For 12-year-old Isabelle, every day brings "so many reminders" of the ways in which she is different.
Isabelle is transgender, and describes herself as "cursed with some physical characteristics" that mean her body doesn't match her identity as a girl. Her childhood has not been an easy journey.
"I have tried to hurt myself, and questioned whether I want to be here in my darkest times," she said.
Once she is old enough, Isabelle wants to take cross-sex hormones, also known as stage two treatment, which will allow her to go through puberty and develop as a girl. But her life is laced with fear and worry, as she knows in order to access this treatment, she has to go to court and get approval.
"I don't just want to access stage two treatment," she said. "I need to."
On Monday, Isabelle and many other transgender children came to Parliament House in Canberra with one message for MPs: please make it easier for us to get the treatment we need.
It's the first time these children, their families, and medical experts have come together in a concerted lobbying effort to remove the role played by the Family Court when it comes to accessing stage two treatment.
Australia is the only country in the world where transgender children must get court approval to start hormone treatment.
This delay places enormous stress on transgender children, who face alarmingly high rates of self-harm and suicide if they cannot access treatment.
At the event run by the Parliamentary Friends of LGBTI Australians, 15-year-old Georgie Stone said having to go to court made her feel “lost and hopeless”.
“I had to go to court to be who I already am,” she said. “Only I have the right to determine what goes into my body.”
However, caught in a lengthy court process, Georgie had to wait – and she became increasingly anxious and withdrawn as she worried about her voice breaking.
“The court process is slow, biology is fast,” Georgie’s mother Rebekah Robertson said.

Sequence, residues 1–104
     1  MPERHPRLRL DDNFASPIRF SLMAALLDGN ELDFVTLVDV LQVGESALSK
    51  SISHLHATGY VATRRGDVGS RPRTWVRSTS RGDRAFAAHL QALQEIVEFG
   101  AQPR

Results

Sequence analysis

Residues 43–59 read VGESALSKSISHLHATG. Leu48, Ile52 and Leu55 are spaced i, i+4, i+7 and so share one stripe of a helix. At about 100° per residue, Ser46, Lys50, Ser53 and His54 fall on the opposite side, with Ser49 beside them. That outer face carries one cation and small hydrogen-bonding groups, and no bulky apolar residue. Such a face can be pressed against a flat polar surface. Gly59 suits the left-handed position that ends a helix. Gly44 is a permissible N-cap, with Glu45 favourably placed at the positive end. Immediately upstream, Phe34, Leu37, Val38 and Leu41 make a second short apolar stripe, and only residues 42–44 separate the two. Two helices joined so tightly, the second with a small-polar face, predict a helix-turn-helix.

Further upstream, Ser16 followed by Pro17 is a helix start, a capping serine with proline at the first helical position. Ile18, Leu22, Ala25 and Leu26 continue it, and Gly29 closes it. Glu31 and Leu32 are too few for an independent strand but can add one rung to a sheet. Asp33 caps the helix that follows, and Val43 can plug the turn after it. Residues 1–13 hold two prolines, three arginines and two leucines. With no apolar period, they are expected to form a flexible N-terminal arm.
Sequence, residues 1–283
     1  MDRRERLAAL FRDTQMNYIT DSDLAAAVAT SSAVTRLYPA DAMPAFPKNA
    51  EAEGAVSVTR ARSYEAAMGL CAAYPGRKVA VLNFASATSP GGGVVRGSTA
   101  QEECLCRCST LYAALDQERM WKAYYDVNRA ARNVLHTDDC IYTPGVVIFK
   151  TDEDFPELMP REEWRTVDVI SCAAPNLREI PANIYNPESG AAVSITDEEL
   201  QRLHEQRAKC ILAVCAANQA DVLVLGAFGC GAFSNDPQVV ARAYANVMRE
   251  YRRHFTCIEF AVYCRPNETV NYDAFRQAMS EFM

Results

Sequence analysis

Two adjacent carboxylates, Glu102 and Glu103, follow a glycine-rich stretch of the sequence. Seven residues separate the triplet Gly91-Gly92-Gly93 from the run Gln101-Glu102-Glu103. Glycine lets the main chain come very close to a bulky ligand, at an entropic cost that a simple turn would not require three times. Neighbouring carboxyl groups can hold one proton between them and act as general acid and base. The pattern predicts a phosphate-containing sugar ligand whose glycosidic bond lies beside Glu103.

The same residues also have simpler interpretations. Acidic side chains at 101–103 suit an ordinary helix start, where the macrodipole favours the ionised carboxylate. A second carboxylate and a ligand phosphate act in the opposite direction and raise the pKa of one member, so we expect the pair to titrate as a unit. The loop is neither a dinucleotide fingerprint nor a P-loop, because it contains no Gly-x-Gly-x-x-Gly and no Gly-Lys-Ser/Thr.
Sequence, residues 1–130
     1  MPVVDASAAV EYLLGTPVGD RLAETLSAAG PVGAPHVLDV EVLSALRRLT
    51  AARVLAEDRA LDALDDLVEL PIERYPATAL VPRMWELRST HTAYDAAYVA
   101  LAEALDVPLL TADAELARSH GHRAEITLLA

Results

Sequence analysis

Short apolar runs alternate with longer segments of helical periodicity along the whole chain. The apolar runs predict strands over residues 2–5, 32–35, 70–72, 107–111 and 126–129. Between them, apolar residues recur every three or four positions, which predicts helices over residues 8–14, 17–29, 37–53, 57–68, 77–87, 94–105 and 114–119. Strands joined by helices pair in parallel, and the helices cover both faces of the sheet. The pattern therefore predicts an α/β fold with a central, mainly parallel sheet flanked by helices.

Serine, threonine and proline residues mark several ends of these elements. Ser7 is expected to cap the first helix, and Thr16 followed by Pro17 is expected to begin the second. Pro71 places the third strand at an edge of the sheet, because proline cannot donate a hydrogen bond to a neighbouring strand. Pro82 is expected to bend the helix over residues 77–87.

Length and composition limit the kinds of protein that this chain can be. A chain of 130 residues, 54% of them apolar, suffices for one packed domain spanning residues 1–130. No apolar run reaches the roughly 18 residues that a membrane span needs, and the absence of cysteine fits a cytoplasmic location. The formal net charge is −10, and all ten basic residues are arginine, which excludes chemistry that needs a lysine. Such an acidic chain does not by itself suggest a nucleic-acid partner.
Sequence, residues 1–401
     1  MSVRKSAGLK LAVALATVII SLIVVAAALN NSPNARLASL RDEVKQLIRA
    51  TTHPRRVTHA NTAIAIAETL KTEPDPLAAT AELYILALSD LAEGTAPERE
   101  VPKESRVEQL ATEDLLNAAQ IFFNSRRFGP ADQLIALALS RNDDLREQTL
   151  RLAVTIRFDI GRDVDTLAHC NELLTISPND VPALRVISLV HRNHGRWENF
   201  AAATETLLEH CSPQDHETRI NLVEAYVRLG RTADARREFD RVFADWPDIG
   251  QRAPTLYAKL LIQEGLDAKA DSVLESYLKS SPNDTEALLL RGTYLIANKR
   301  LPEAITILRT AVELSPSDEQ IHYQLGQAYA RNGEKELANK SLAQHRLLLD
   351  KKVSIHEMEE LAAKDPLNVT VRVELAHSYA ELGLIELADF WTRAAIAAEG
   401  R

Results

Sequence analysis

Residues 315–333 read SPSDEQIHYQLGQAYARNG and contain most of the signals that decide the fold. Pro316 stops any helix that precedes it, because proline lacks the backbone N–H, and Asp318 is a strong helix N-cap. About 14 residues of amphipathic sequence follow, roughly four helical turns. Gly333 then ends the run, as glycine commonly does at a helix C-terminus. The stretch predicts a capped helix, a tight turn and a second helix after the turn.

“As parents, we walk ahead of our child like a landmine detector, clearing the path before them.”
Robertson described the pressure on young transgender people and their families as “enormous and relentless”.
“To add court to this is unnecessary and cruel.”
Typically, the medical treatment a transgender child receives is looked at in two different "stages".
The first is “puberty blockers”, a reversible treatment started at the onset of puberty that effectively suspends the child’s body in time, preventing them from developing secondary sex characteristics such as a broken voice or breasts.
In 2013, Georgie and her family won an appeal that sealed the right for transgender children to access stage one treatment without having to go to court.
However, the court ruled that for stage two treatment – taking cross-sex hormones that will develop their body into the gender they identify as – people aged under 18 still needed court approval.
This court process can cost between $10,000 and $30,000 and take 8-12 months to reach an outcome. Judges rely entirely on the medical testimony from doctors, and no child has ever been denied treatment.
Medical and legal experts say the delay and cost of the court process puts enormous stress on a vulnerable population.
Dr Michelle Telfer, a pediatrician at the Gender Service at the Royal Children’s Hospital in Melbourne, said that of transgender kids who cannot access treatment, 50% self-harm and 30% attempt suicide.
She said access to medical treatment significantly alleviates the anxiety, depression and suicidal thoughts transgender children feel over developing a body that isn't right for them.
Fiona Kelly, an associate professor at LaTrobe University who has done extensive research into the issue, described the court process as “a very harmful, lengthy and expensive rubber stamp”.
Telfer, Kelly and the transgender children visited MPs and senators personally on Monday, as well as speaking to a group at the parliamentary friends event.
Greens Senator Janet Rice said she was optimistic about the prospect for change.
Rice's fellow co-chairs of the Parliamentary Friends of LGBTI Australians, Liberal MP Warren Entsch and Labor MP Graham Perrett, are "strong advocates" of the change.
"We've heard the attorney general George Brandis's office is very engaged with the issue," she said.
"It's not vastly complicated legislation, and with cross party support, we should be able to get it through the parliament."